I slipped into my slinky blue cocktail dress complete with a rhinestone shoulder strap and went off to sit in the very front row and watch the Hugos.  David Gerrold and his co-host Tananarive Due were brilliant.  Tananarive was dressed in a red Star Trek uniform and channeled the the spirit, beauty and courage of Uhura.  David was dressed as an homage to Dr. Who, but with the addition of a rainbow bow tie and rainbow suspenders to honor the historic extension of civil rights that had happened this summer.  There were Daleks and Grim Reapers, Jim Wright, Robert Silverberg and Connie Willis.  There were winners and there were No Awards.  There were cheers for No Award which I regretted though from my vantage point it seemed more like the cheer was for rejecting the tactics of the slate rather than the nominees.  It was probably not in the best of manners, but truthfully our tribe is a bit socially dyslexic.  The one time people started to boo David immediately went off script and said that kind of behavior was out of bounds.  It didn’t happen again.  I was sorry that No Award took both editor categories.  I had ranked the editors, and placed a certain Rabid Puppy below No Award, but that wasn’t how the majority voted.  Hopefully this slate nonsense will stop and these talented editors will once again be on the ballot.

After the ceremony I stopped briefly by the Hugo Nominee Post Reception and then it was off to the Fun Party.  George’s Hugo Losers Party at the Glover Mansion.  There was a terrific band playing great music, and I danced until my legs were shaking.  (David Hartwell can really cut a rug).  There were delicious hors d’oeuvres, champagne and an amazing cake.  The highlight of the evening was George and others presenting the Alfie’s named in honor of Alfred Bester winner of the first Hugo for novel.  Annie Bellet and Marko Kloos were given Alfies for making the very hard choice to take themselves off the Hugo ballot because they had been placed there by the slate.  When Kloos withdrew it allowed the Three Body Problem to be placed on the ballot and it eventually win “The Big One” as George would say.  George also gave awards to Eric Flint who’s calm and rational writings on the controversy had been an oasis of civility in a sea of vitriol.  The entire event was  very moving, but I share George’s hope that he never has to do it again.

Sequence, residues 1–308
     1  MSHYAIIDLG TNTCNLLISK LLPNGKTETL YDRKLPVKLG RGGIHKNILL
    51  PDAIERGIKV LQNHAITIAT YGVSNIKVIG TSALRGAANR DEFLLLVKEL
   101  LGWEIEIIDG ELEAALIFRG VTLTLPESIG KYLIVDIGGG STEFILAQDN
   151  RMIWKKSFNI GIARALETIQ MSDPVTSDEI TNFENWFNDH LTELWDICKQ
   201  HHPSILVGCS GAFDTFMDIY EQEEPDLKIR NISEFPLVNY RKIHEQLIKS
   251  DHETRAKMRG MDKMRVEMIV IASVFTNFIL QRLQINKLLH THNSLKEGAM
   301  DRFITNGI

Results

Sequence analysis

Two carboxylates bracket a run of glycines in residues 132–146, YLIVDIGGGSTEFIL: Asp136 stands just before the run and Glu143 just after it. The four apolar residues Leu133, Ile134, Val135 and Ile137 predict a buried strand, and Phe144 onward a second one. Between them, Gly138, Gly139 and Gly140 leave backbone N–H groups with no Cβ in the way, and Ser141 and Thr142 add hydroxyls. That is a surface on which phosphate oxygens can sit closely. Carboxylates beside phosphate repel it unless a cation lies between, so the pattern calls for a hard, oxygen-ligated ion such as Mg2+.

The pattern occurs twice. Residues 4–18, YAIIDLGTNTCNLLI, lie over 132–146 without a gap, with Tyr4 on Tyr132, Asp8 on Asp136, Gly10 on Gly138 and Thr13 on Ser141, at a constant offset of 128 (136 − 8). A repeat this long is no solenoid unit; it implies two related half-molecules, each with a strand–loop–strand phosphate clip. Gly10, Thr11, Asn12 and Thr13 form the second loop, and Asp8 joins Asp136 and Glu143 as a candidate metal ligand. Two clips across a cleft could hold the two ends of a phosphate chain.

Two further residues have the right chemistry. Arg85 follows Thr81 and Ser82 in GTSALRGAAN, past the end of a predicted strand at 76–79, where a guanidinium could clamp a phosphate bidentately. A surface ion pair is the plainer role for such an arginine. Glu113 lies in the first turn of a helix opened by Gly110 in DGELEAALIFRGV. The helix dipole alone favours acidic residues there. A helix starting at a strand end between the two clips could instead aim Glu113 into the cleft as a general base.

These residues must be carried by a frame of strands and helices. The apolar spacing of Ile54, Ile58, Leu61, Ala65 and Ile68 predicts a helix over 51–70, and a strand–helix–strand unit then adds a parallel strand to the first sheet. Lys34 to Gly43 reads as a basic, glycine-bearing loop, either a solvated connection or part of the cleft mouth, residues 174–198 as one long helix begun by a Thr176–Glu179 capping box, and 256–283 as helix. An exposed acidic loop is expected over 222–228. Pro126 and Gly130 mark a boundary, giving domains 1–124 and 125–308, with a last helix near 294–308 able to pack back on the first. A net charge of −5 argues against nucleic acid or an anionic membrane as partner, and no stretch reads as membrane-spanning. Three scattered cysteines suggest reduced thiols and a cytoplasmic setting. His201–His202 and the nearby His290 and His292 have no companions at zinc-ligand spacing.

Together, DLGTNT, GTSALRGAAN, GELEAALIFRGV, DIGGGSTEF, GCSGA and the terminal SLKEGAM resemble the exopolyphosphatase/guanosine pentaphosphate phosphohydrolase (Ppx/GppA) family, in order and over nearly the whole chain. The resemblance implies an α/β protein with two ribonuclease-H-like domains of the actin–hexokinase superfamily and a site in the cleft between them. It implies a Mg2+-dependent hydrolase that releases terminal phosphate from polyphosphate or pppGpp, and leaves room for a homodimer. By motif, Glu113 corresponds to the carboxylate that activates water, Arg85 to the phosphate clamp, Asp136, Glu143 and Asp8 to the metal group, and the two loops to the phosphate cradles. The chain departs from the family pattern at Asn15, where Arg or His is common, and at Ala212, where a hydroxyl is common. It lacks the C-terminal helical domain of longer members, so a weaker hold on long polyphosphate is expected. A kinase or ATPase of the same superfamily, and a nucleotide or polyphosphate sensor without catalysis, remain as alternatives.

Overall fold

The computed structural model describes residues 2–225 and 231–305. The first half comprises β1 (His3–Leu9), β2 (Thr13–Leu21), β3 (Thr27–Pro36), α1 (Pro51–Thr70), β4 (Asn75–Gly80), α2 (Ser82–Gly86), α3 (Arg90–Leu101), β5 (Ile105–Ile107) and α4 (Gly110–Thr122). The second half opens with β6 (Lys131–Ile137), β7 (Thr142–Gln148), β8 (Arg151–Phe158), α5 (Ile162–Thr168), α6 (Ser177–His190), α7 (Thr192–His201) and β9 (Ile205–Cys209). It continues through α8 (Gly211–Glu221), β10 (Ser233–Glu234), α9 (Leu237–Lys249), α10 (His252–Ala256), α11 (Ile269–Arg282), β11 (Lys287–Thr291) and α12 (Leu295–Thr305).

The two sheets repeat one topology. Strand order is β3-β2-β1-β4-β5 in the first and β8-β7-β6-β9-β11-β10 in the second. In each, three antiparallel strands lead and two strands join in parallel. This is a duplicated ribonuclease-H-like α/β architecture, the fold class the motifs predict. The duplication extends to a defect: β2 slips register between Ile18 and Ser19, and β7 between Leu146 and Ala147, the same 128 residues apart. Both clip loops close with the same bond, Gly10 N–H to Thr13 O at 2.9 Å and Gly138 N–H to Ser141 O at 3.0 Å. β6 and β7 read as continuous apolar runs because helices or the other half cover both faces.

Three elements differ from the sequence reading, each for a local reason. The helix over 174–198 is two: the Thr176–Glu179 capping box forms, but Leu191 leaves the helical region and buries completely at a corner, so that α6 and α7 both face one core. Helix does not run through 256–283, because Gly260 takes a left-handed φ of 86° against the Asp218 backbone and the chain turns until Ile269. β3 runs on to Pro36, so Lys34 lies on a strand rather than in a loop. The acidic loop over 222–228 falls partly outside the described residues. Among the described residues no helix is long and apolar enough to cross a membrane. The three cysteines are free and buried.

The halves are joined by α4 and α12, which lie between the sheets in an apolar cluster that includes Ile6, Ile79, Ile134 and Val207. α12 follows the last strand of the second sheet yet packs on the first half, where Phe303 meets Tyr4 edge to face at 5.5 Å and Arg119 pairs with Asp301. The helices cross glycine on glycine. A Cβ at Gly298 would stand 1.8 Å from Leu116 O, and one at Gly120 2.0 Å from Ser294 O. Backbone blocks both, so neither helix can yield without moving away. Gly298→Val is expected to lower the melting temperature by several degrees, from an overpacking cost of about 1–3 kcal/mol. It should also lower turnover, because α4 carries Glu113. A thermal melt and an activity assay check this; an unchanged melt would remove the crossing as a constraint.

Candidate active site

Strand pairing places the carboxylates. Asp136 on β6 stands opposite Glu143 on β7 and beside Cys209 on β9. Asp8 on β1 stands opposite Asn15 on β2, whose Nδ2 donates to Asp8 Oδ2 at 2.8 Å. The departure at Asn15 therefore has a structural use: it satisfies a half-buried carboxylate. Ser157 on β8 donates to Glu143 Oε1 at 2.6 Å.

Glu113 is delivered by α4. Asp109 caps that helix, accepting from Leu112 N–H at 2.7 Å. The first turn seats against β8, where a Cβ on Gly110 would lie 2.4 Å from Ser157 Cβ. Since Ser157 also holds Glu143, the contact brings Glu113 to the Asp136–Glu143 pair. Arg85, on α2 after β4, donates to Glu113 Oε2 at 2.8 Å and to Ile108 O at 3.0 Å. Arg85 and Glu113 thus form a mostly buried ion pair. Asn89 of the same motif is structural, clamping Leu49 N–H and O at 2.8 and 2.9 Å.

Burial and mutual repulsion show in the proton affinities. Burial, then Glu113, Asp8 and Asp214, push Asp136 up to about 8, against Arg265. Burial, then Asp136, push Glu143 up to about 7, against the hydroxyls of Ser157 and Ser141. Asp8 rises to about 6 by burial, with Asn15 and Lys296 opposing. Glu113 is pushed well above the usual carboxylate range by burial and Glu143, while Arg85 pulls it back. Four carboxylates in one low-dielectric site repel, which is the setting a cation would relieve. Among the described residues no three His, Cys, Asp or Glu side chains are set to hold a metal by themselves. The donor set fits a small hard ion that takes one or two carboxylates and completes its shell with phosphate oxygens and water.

So now I have to address the boatload of idiotic conspiracy theories that have sprung up from the fervid brains of the Puppies both Sad and Rabid.

No, George did not know in advance who had won and who had lost.  He had to wait for the pink sheet that detailed the Hugo nominations before he could figure out who was going to receive an Alfie.  I know because I had to check in with him when thing were running late for presenting the awards, and he told me in harried tones that he had had to wait for the breakdown to come out and everything was running late.

No, George did not buy 3000 memberships and tell them how to vote.  Has anyone looked at fandom?  Herding cats wold be easier.  And seriously — George is the guy who loves this award.  He would never, ever game his beloved Hugos.

No, the Puppy votes were not “discounted”.  It’s the Australian ballot.  It’s confusing.  Here’s a link where Ranked Voting is explained.  Try to understand.  So you don’t get your money back.

No, you can’t sue.  You have to show harm before you can get into court, and you have to have standing to bring a lawsuit. If someone calls you a banana that might hurt you deeply, but the court will not provide a remedy for your pain.   You voted/you lost.  If your argument had merit I’d be suing over the 2000 election.  Let it be noted that I didn’t.

Here is my final plea to the readers who might stop by.  Please read and enjoy our genre.  Buy a supporting membership to MidAmericon2 2016, nominate the books and stories and movies you love.  Or buy an attending membership and I’ll see you all in Kansas City next August.

20 Responses to There Is and Was No Conspiracy

  • Melinda Snodgrass says:

    It’s long. I apologize, but I had a lot I wanted to say.

  • Michael Siemon says: